2010 National Chicle #195 - Alex Rios
I am a big fan of art cards. It comes from my fine arts background. Art is subject to criticism. No two people have the same taste in artwork. Artists are free to take certain liberties with their art because it doesn't capture a subject like a photograph would. The artist can change and manipulate a drawing or painting to fit their vision. This is part of the reason why National Chicle was so polarizing last year.
The effort was there, but the results were not to everyone's liking. An artist's interpretation is likely to have both fans and detractors. This is why art can be so volatile, in the right artist's hands.
Ultimately, the final product of National Chicle received more positive reviews than the previews. The firestorm mostly surrounded a certain player featured in an unfathomable uniform, that slightly resembled another player that did wear that uniform. Lesser controversies included re-staging famous cards and trying to fit modern players in those slots. These were not received well.
The main reason for showing this card of Alex Rios is not to highlight the card. It is to show support. Alex Rios and Adam Dunn have been involved in major slumps that have taken up the majority of the season that has already been played. I showed my support of Dunn earlier this week. Now, it's Rios' turn.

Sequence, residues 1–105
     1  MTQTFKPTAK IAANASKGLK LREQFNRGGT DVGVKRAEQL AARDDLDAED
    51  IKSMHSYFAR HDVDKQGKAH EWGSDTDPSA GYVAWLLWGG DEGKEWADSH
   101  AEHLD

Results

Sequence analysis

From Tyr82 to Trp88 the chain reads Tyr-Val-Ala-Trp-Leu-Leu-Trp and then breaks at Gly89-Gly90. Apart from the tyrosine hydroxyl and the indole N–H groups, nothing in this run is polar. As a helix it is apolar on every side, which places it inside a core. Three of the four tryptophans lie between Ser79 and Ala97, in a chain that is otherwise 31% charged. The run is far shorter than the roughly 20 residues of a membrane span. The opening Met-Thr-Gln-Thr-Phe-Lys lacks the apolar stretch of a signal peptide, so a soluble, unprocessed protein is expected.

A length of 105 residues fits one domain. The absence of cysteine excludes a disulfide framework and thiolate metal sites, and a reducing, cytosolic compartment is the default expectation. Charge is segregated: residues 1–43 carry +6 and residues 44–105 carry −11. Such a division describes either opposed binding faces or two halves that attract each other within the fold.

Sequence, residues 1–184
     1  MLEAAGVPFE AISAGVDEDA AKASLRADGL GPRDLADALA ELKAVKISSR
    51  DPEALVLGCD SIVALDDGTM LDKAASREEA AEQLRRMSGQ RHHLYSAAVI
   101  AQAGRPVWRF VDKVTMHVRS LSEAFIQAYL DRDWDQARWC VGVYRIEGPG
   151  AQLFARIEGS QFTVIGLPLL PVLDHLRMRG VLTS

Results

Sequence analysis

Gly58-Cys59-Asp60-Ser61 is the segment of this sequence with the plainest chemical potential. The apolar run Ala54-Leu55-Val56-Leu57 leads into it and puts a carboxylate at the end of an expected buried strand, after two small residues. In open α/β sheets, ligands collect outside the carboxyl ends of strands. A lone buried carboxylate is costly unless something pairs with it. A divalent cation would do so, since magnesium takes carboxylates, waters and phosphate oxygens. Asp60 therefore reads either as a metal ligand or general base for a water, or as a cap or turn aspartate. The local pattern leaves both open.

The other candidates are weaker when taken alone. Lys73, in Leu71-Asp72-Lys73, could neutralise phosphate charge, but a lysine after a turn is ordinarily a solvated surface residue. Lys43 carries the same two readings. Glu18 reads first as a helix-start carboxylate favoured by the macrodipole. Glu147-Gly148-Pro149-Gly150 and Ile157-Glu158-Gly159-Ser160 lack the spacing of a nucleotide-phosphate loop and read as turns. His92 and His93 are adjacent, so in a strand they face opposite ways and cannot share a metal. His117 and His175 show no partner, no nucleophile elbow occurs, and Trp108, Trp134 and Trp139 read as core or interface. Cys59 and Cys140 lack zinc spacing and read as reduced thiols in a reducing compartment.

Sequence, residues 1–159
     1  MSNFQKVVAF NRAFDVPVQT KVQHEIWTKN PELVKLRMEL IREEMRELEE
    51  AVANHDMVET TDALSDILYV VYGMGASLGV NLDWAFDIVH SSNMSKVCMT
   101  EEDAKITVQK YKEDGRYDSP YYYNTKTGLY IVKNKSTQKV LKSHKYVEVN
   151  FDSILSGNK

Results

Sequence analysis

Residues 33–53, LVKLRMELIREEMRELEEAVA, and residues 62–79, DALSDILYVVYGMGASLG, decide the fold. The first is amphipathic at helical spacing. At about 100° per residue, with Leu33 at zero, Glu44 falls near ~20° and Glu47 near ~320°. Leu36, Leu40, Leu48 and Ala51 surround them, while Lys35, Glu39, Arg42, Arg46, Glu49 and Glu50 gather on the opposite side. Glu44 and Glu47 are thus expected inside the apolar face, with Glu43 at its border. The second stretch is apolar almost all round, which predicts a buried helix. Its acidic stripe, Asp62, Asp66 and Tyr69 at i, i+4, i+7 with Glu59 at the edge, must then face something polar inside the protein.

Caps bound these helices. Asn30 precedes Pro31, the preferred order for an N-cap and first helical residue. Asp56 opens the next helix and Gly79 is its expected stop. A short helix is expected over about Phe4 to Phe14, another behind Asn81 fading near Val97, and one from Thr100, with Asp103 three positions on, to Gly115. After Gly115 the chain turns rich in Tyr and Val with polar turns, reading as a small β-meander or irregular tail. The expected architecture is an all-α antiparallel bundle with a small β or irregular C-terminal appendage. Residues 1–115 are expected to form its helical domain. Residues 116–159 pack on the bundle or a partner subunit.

I'm confident that Alex can turn his season around. Most of you probably remember the awful start to his White Sox career. Switching from a team in Toronto that remains largely under the radar to a team that gets national headlines, mostly from its outspoken manager, can be jarring for some. That case can be applied to Rios, but I think it was mostly Alex trying too hard to impress his new team.
Chicago fans have seen Alex bounce back before and I expect him to do the same during this season. Starting off any season poorly can have a profound effect on players. It can seem like a hole is being dug deeper and deeper. Every player goes through something like this at some point in their career. The measure of a player is how they respond to it and if they learn things from the slump.